Jan 22, 2003

The genetic heritage of the earliest settlers persists both in Indian tribal and caste populations

American Journal of Human Genetics
T KivisildRichard Villems

Abstract

Two tribal groups from southern India--the Chenchus and Koyas--were analyzed for variation in mitochondrial DNA (mtDNA), the Y chromosome, and one autosomal locus and were compared with six caste groups from different parts of India, as well as with western and central Asians. In mtDNA phylogenetic analyses, the Chenchus and Koyas coalesce at Indian-specific branches of haplogroups M and N that cover populations of different social rank from all over the subcontinent. Coalescence times suggest early late Pleistocene settlement of southern Asia and suggest that there has not been total replacement of these settlers by later migrations. H, L, and R2 are the major Indian Y-chromosomal haplogroups that occur both in castes and in tribal populations and are rarely found outside the subcontinent. Haplogroup R1a, previously associated with the putative Indo-Aryan invasion, was found at its highest frequency in Punjab but also at a relatively high frequency (26%) in the Chenchu tribe. This finding, together with the higher R1a-associated short tandem repeat diversity in India and Iran compared with Europe and central Asia, suggests that southern and western Asia might be the source of this haplogroup. Haplotype frequencies of the MX1 l...Continue Reading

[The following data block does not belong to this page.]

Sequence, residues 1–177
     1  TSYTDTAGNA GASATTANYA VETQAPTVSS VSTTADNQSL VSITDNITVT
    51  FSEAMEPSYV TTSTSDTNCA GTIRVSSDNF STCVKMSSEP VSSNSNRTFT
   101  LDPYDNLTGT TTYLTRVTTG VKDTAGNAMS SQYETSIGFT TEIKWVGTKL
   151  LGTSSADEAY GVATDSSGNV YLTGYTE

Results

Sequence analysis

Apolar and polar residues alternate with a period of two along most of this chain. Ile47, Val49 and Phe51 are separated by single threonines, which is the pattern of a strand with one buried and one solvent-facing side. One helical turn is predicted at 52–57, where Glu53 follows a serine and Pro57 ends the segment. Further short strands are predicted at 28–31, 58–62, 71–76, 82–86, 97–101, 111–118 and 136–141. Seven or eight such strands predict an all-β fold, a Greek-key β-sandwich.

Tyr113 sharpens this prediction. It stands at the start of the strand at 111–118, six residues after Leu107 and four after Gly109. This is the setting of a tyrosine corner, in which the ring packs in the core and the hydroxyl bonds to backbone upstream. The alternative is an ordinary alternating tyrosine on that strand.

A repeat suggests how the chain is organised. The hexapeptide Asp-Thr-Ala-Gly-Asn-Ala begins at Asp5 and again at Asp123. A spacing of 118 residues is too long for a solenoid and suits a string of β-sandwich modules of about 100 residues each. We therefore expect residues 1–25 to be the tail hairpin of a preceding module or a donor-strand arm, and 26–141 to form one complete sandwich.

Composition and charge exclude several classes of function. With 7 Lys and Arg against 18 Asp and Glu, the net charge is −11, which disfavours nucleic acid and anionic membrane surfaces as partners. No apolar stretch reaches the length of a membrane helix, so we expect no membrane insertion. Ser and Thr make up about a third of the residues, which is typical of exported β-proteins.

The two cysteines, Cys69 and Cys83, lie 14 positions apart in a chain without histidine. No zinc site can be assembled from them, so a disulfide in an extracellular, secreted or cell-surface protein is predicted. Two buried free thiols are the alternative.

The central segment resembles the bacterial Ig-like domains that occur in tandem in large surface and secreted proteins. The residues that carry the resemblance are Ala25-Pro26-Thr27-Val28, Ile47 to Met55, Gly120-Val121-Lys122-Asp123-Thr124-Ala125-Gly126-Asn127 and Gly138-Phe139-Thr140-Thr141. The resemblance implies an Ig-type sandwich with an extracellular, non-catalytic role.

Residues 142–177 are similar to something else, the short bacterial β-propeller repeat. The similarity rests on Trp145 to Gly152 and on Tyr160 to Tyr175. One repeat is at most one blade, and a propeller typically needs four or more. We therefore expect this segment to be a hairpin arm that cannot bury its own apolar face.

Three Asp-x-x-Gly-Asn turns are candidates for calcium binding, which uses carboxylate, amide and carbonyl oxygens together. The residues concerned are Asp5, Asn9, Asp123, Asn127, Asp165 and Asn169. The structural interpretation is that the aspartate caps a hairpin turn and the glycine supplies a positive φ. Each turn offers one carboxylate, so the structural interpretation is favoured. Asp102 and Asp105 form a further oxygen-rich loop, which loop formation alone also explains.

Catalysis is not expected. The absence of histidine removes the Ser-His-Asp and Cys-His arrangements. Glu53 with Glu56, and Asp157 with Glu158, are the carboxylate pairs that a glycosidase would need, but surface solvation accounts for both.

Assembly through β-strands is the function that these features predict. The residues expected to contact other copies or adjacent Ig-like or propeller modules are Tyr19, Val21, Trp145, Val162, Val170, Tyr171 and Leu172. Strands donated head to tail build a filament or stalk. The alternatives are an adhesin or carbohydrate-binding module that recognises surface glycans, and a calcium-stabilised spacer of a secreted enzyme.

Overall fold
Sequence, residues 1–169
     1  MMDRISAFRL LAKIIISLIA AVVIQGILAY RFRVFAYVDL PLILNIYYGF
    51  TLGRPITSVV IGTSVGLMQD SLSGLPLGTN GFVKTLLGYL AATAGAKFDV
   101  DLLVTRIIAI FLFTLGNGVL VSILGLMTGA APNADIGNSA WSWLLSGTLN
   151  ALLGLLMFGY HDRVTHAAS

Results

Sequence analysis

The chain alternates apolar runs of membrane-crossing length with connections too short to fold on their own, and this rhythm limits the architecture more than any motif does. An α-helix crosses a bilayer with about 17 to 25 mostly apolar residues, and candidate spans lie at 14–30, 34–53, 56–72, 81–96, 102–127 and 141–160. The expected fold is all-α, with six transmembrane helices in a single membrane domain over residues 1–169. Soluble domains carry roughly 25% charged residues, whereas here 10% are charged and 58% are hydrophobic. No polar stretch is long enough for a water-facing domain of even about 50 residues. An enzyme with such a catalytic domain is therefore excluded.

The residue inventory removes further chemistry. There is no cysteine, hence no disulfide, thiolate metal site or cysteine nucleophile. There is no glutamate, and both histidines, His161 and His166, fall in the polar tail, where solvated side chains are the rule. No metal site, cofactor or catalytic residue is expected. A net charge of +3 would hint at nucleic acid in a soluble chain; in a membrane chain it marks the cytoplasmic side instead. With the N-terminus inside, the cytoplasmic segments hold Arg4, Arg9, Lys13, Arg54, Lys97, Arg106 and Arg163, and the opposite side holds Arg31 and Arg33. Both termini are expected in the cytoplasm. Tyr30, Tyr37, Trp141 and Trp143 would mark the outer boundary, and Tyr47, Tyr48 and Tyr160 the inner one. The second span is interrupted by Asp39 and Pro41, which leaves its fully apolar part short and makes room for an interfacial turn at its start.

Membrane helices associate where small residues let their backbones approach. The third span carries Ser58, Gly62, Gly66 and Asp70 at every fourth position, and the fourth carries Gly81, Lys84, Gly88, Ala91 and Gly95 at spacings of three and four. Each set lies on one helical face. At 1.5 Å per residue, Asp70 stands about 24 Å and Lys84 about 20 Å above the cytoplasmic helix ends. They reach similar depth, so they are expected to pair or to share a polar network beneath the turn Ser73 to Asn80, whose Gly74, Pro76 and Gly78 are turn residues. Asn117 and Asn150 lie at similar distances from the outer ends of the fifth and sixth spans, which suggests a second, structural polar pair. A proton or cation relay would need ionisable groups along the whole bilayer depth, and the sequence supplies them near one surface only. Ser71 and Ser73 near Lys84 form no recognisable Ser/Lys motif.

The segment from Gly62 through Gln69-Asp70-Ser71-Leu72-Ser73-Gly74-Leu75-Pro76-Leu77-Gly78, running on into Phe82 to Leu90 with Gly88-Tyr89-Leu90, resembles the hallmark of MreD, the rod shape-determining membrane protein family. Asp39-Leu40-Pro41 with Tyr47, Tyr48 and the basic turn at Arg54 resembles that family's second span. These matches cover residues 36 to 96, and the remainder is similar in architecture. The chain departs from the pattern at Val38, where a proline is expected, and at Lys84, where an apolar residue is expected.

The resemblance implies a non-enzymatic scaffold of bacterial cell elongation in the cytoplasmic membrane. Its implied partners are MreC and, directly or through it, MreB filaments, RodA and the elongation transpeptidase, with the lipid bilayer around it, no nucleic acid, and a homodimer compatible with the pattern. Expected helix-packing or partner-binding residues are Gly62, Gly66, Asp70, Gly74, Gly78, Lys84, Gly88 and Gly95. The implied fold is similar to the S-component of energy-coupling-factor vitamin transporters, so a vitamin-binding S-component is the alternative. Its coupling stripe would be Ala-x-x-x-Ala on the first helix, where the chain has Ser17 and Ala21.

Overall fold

• References48
  • Citations163

References

  • References48
  • Citations163

Citations

Mentioned in this Paper

Genetic Drift
Chromosomes, Human, Pair 21
Short Tandem Repeat
Equine Laminitis
Y Chromosome
Derivatives
DNA, Mitochondrial
Indonesia Zebrafish
Genetics, Population
Gene Deletion Abnormality

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